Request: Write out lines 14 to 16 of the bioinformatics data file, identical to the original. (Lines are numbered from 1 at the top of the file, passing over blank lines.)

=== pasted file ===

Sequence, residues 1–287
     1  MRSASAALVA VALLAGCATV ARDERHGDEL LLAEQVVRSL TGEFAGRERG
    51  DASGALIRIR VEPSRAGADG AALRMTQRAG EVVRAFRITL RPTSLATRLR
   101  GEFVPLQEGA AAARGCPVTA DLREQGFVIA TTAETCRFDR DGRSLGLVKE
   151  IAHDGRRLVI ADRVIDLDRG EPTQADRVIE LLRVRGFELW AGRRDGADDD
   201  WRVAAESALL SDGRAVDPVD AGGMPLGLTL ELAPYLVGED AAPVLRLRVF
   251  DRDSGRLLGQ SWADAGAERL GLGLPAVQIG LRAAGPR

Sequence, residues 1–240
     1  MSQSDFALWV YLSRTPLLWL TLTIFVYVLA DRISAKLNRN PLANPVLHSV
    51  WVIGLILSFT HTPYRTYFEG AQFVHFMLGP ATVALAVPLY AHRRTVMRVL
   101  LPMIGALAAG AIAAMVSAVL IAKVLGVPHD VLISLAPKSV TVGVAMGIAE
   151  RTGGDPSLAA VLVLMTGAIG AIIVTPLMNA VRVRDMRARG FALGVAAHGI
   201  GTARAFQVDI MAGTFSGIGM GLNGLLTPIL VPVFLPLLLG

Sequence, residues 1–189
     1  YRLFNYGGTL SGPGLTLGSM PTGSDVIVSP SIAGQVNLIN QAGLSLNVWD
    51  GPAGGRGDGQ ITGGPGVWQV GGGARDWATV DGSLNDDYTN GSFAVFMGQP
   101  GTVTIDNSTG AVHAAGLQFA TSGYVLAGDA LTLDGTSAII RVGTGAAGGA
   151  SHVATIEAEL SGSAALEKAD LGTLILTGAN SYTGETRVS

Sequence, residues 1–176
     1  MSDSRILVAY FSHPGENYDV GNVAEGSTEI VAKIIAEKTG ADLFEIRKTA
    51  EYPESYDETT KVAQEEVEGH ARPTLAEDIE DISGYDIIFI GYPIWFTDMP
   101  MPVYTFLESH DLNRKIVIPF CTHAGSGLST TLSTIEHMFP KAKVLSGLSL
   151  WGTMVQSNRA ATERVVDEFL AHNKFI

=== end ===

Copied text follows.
Sequence, residues 1–189
     1  YRLFNYGGTL SGPGLTLGSM PTGSDVIVSP SIAGQVNLIN QAGLSLNVWD
    51  GPAGGRGDGQ ITGGPGVWQV GGGARDWATV DGSLNDDYTN GSFAVFMGQP